"When drivers are immersed in that culture, they are much more likely to adopt and promote the culture, than if they are immersed in a terminal that is dark, full of potholes, with terminal employees violating safety rules without reproach."
"Fostering a safety culture at a terminal is very much about empowering employees to identify safety hazards and risks, but most importantly, taking actions to address those risks. Management must support the culture and demonstrate the support by taking action on important safety concerns. Things like providing new and clean PPE when old PPE is dirty and worn out. Fixing equipment quickly and timely. Repairing terminal issues. This promotes and cultivates a safety culture."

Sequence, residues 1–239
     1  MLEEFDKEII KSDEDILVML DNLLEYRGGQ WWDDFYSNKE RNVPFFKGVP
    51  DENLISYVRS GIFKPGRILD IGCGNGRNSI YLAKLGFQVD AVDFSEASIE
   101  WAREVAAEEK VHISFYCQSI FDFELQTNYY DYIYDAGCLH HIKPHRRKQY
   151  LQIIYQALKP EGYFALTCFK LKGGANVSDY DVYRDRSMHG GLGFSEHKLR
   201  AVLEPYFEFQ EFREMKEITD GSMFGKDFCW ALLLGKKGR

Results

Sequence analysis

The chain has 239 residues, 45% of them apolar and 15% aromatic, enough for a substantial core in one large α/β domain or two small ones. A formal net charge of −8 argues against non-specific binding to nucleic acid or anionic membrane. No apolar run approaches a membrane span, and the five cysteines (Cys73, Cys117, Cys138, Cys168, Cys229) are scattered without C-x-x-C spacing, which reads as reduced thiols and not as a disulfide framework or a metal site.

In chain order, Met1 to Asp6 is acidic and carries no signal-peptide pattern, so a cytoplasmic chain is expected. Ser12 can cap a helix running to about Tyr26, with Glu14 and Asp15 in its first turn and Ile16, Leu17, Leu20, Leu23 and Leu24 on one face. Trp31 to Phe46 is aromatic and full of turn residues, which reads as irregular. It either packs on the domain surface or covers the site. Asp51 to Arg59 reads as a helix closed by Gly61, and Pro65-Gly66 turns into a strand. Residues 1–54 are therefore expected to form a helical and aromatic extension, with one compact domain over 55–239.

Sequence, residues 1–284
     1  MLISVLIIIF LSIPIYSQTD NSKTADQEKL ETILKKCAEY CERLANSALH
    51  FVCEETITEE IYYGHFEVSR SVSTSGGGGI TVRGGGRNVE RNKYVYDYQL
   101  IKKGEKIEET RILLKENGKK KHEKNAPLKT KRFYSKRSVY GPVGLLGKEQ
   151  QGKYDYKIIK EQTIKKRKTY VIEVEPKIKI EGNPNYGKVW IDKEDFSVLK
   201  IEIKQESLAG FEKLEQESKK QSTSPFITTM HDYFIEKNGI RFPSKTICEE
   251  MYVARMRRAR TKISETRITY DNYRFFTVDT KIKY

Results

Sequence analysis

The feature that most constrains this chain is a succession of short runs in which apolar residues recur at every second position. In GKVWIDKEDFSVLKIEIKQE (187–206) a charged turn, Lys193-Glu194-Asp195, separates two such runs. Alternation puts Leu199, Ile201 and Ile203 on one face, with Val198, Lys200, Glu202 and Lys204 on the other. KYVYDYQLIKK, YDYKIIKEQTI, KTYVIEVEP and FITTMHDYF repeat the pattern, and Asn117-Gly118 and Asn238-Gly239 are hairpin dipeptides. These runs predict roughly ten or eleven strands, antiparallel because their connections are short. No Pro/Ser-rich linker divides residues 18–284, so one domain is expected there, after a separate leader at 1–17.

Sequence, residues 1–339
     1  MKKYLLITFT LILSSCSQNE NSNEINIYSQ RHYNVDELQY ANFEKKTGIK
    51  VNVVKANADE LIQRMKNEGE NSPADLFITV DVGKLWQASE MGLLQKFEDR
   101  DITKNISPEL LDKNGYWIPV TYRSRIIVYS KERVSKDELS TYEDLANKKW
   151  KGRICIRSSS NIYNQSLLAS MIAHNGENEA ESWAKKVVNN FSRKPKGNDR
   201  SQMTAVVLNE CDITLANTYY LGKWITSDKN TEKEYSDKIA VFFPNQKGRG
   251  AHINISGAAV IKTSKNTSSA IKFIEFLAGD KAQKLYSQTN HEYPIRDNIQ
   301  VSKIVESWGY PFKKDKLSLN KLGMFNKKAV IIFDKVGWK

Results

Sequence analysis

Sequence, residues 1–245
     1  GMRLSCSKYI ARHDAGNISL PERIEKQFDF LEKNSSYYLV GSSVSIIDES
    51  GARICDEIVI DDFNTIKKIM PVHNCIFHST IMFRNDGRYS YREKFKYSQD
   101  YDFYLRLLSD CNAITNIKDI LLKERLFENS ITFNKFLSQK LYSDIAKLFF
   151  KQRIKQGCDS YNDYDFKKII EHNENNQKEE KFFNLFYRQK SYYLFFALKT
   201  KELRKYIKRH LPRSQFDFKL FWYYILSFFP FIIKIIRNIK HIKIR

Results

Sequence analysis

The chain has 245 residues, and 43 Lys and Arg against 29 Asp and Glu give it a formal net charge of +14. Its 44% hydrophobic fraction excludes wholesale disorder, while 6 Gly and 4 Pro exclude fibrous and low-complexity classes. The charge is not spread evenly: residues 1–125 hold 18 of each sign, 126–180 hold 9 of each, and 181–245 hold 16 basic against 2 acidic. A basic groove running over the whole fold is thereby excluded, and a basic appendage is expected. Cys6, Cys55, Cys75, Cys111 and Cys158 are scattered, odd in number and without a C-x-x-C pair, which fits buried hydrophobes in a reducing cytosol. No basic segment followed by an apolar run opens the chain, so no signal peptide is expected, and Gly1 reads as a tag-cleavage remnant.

What can be done to prevent or reduce worker slips, trips and falls at intermodal terminals?
One way, Coker said, is educating employees about the seriousness of the hazard.
"Find new innovative ways to communicate it," he said. "One way that we have incorporated this message is through digital media. We have monitors strategically placed throughout our facilities that regularly display safety and health bulletins."
Also relying on employee education is CSX Intermodal Terminals, which in December released a safety plan that stresses worker empowerment and accountability.